The Gorge

Can I come with you? Rage says.

Can I? asks Blame.

No, I say. It is best I go on this journey alone. You will weigh me down.

But … Rage and Blame say.

Remember what Matthew said: It is best to travel lightly.

You will be lonely, they say.

It is better to be lonely than to hear you two bickering constantly on the road.

Don’t say it, they say.

Like two snarling dogs ….

You said it, they say. You did not have to say it.

Goodbye faithless companions. You will find your own way now. I am sure you will find other hapless souls to team up with.

With that I climb my way up the gorge ….. and am gone.

  • photo by Ulle Haddock with much thanks

Isn’t That what Blogs are For?

I was reading Becky Ross Michael’s Platform #4 and

was whisked away to a time when I stood on platforms nearly every day waiting for trains

to whisk me away to the big smoke. To the college where I trained to be a teacher,

to the university where I majored in English and Latin, a subject that whisked me away

to the days of Imperial Rome where I fell in love with the poets Catullus and Ovid

and the language from which so many of our words derive.

I met my first love on a platform while waiting for the same train.

I did not know it at the time but I said goodbye to my marriage on a platform

when my first wife went to see a ‘friend’ in Sydney.

I fell in love with literary platforms in the works of Agatha Christie

and, of course, Tintin who rode around in trains.

I wrote a poem once called ‘Boy on a Train Crying’. I had to fight hard

to get that little kid into my first book of poems but I did. I got him in.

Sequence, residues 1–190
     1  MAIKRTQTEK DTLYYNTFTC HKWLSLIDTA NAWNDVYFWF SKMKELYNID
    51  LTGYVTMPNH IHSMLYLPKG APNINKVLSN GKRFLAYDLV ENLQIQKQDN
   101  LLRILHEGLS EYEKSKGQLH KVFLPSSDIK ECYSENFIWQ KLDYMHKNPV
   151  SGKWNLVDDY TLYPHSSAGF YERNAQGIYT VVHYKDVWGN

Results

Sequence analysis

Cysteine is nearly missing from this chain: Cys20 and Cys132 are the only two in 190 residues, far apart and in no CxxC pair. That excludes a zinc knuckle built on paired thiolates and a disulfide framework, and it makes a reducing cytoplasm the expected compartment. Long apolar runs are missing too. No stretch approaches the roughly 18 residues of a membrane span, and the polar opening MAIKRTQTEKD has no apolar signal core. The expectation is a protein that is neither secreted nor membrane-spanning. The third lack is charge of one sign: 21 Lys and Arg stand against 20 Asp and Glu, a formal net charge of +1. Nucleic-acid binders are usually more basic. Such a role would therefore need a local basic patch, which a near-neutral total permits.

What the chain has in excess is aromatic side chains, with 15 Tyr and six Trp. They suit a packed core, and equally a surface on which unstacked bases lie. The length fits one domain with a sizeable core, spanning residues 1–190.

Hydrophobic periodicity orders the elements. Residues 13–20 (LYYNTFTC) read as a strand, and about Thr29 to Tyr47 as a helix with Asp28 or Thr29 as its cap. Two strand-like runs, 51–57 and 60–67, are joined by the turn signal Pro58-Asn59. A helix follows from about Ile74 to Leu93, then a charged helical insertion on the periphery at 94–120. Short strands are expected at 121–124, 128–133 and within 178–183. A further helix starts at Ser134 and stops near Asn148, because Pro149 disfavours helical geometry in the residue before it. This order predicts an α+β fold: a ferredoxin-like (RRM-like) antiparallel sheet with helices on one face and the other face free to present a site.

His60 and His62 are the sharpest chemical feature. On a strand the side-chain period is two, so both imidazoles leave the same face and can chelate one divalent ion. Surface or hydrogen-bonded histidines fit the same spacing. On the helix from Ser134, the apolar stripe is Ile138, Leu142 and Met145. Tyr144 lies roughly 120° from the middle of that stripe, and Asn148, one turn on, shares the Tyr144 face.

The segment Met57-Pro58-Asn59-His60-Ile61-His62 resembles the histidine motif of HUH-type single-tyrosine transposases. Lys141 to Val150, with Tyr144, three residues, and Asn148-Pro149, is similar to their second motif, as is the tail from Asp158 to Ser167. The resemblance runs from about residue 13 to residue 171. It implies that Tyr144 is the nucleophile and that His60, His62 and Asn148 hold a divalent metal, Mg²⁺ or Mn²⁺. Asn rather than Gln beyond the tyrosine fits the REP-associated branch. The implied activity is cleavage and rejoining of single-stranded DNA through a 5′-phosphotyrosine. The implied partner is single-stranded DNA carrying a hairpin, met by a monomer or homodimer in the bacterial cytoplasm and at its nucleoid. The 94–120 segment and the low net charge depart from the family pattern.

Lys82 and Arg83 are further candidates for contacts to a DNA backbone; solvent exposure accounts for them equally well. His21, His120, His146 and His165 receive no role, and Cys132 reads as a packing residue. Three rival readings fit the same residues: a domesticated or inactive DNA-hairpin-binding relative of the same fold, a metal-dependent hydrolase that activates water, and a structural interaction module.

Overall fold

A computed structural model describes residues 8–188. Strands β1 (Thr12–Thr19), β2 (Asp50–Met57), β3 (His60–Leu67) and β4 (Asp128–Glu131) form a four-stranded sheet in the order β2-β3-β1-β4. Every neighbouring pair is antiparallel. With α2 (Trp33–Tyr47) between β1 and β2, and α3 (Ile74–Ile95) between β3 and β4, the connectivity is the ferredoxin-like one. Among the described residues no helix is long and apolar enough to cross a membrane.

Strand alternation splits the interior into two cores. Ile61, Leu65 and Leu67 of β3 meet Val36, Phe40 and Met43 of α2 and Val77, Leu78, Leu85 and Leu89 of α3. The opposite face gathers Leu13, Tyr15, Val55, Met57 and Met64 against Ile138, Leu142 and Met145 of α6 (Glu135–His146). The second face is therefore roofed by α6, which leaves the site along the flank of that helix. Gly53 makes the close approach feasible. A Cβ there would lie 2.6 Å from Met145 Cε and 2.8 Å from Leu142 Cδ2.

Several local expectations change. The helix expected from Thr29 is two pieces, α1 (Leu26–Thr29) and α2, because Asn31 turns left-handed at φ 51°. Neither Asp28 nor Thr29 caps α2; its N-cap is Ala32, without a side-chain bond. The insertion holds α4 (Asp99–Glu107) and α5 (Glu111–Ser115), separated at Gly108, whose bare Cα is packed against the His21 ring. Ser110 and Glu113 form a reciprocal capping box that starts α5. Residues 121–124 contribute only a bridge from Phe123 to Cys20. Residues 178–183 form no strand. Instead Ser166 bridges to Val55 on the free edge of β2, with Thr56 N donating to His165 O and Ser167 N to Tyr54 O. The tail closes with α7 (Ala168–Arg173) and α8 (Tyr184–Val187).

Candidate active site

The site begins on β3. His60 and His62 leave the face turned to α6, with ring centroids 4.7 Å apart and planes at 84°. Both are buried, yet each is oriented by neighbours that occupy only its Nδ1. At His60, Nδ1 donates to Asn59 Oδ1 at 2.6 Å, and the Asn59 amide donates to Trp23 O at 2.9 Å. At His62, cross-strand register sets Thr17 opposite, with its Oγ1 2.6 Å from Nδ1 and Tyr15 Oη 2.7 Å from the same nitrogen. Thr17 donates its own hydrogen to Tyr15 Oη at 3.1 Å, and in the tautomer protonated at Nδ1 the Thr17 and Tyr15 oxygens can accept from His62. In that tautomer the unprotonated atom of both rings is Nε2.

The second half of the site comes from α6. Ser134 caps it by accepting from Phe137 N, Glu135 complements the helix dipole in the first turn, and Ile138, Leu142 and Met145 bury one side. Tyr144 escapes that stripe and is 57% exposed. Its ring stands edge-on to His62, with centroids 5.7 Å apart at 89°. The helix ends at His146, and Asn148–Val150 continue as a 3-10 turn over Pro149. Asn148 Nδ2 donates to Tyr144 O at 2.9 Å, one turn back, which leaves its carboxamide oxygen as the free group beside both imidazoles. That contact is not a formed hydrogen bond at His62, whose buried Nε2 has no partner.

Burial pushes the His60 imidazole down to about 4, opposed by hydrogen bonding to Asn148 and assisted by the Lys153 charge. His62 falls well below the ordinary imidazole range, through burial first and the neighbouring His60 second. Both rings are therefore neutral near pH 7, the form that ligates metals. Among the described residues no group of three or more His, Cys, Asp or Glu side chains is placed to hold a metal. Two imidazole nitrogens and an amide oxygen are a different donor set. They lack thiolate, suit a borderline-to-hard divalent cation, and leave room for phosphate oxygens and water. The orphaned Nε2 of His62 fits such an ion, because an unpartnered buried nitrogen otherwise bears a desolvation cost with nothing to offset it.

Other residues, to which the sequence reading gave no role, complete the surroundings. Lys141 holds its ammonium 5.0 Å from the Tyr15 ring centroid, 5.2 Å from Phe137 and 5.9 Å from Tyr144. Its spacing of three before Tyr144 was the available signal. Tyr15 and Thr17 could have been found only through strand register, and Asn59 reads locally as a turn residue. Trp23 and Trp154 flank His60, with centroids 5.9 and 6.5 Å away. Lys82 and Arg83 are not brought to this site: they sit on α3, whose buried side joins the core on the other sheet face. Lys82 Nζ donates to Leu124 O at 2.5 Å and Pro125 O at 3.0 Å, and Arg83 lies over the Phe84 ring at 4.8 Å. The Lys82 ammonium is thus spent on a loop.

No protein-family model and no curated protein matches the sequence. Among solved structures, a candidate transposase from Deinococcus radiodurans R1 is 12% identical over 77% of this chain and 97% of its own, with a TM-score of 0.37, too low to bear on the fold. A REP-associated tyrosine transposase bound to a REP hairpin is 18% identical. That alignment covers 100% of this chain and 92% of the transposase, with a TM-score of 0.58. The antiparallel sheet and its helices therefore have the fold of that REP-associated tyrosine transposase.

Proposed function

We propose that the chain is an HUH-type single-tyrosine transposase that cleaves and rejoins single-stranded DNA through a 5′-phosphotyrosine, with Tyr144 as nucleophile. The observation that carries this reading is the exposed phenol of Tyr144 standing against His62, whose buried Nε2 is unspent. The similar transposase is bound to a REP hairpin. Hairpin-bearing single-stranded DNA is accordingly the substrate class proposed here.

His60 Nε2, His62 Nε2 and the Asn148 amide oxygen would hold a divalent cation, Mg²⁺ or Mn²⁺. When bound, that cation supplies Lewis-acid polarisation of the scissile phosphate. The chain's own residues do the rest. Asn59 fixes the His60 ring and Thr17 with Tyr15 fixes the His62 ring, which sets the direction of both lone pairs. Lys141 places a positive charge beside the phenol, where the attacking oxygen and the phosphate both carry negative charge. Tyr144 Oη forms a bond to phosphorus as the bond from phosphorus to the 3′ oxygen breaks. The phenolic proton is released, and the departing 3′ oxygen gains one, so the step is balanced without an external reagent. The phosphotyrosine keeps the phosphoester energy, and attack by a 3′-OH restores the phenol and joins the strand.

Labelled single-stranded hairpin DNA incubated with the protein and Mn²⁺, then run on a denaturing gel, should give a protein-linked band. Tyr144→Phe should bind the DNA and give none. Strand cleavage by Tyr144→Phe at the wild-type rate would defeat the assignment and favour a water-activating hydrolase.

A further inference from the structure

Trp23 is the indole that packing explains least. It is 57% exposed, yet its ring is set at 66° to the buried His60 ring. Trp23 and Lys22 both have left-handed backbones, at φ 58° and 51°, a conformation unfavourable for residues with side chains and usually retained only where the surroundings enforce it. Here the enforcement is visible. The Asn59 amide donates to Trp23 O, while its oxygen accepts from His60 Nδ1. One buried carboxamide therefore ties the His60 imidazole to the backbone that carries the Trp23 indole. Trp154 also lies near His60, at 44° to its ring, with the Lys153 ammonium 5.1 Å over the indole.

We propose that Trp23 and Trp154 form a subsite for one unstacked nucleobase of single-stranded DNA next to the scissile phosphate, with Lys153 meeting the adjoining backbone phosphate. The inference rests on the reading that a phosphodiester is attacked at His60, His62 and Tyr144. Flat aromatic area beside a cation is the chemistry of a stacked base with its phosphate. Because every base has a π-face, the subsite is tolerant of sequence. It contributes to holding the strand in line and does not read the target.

We were both pleased. Then so as I wouldn;t appear sexist I wrote another poem,

a much happier one, called ‘Girl on a Train’. I can write anywhere but I love

writing on long train journeys. I wrote another poem called ‘Trains of Thought’.

It was heavily metaphoric, heavy as a platform.

When I write a good poem, I don’t want to leave it. I want to share it with the world.

Isn’t that what blogs are for?

Each evening I stand on a metaphoric platform for the night train to Bedfordshire

and the following day as the sun begins its journey across the sky I catch

the Morningtown Ride to begin a new journey of my own.

Life begins and ends on platforms.

  • photo by Bruce Mars on Unsplash

He Laughed Loudly

He laughed loudly.

A door closed behind him.

He laughed a little more loudly still.

Another door closed behind him. Slammed!

He continued. He chortled. He guffawed. He jeered.

A text message came through.

“Will you STOP laughing, please? You’re annoying me.”

No, he said to himself. No. It’s my evening and I’ll laugh if I want to.

And he laughed even more loudly.

The walls themselves laughed loudly too, splitting their sides.

The cross-eyed cat doubled up with laughter.

A door opened quietly behind him.

The man was too busy laughing to notice.

The cord tightened around his throat.

This was no laughing matter.

My Wine Bottle has Pretensions

My wine bottle, I am told, has pretensions.

It came from the top shelf where the expensive

bottles are kept, for starters.

Too good for the hoi polloi.

It has airs, she states.

See how stiffly it carries itself.

Why, it even comes with a cork in it!

Too good for a metal cap.

And to top it all it has been aged in bourbon barrels.